Autonomous cars may still be safer than human drivers

California drivers may have heard about the driver who was killed in March 2018 while their Tesla was on autopilot; in another accident involving an autonomous vehicle, a self-driving Uber car hit and killed an Arizona pedestrian. However, some experts caution that it is important not to react disproportionately to a low number of accidents by autonomous cars since they can significantly improve highway safety.

More than 35,000 people die in car accidents throughout the country annually, and 90 percent of motor vehicle accidents happen because of human error. By comparison, the number of accidents caused by autonomous vehicles is much lower, so it stands to reason that they could save lives.

It may be difficult for people to accept that autonomous cars still have occasional accidents. The governor of Arizona stopped any further testing of the company’s self-driving cars in the state, and the company voluntarily stopped its testing in other states. However, pedestrian deaths with human drivers behind the wheel remain a problem, and the rate of accidents involving elderly drivers is growing at a rate that outpaces the increase in that population.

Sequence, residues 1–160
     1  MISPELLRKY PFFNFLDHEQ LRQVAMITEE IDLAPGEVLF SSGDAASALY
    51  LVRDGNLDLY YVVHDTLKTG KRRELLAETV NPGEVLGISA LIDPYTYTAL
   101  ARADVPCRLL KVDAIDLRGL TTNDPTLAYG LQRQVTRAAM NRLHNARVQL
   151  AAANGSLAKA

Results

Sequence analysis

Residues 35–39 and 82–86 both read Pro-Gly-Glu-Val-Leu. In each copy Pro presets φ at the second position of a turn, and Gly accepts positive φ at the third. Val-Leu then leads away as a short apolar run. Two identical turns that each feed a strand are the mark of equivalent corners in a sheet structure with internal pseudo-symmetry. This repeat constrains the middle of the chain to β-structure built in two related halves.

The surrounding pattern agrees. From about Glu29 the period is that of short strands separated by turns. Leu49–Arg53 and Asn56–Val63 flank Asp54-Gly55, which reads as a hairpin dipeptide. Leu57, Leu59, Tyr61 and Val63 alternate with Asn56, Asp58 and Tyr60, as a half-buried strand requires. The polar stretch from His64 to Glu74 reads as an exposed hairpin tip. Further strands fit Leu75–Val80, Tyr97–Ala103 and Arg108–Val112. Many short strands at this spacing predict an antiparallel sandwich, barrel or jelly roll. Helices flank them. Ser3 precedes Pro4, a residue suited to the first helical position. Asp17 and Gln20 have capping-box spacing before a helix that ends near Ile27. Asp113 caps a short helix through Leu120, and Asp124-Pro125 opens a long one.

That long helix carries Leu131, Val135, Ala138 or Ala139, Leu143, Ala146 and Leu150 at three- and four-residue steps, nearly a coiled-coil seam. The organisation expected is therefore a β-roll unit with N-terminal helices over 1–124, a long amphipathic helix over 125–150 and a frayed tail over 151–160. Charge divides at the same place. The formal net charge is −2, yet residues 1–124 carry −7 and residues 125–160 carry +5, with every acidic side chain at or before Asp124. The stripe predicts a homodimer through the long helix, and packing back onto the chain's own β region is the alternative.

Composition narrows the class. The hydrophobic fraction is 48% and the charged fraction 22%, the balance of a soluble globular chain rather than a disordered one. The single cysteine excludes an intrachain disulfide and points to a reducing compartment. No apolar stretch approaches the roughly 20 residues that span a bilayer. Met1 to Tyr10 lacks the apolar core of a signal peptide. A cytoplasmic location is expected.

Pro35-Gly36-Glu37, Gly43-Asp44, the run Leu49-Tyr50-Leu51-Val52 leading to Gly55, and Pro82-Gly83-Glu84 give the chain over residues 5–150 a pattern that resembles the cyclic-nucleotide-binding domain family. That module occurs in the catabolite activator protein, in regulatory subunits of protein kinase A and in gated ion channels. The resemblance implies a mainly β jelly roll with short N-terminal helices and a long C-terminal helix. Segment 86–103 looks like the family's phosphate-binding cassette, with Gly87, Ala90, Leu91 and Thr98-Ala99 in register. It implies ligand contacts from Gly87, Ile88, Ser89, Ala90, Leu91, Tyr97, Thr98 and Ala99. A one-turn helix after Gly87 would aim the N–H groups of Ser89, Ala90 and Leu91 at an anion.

The different companies that are testing self-driving cars are taking different approaches, and further regulation of that testing could impair their flexibility. Furthermore, companies such as Tesla have been transparent in sharing information related to accidents.

Unfortunately, even if research into autonomous cars receives support and assistance from both the public and government bodies, there is still plenty of testing and development ahead before they will replace regular cars. A person who is injured in an accident and not at fault may want to consult an auto accident attorney. While an injured person might expect compensation from the insurance company of the driver who caused the accident, this does not always happen. An attorney might be able to help victims pursue the compensation to which they are entitled.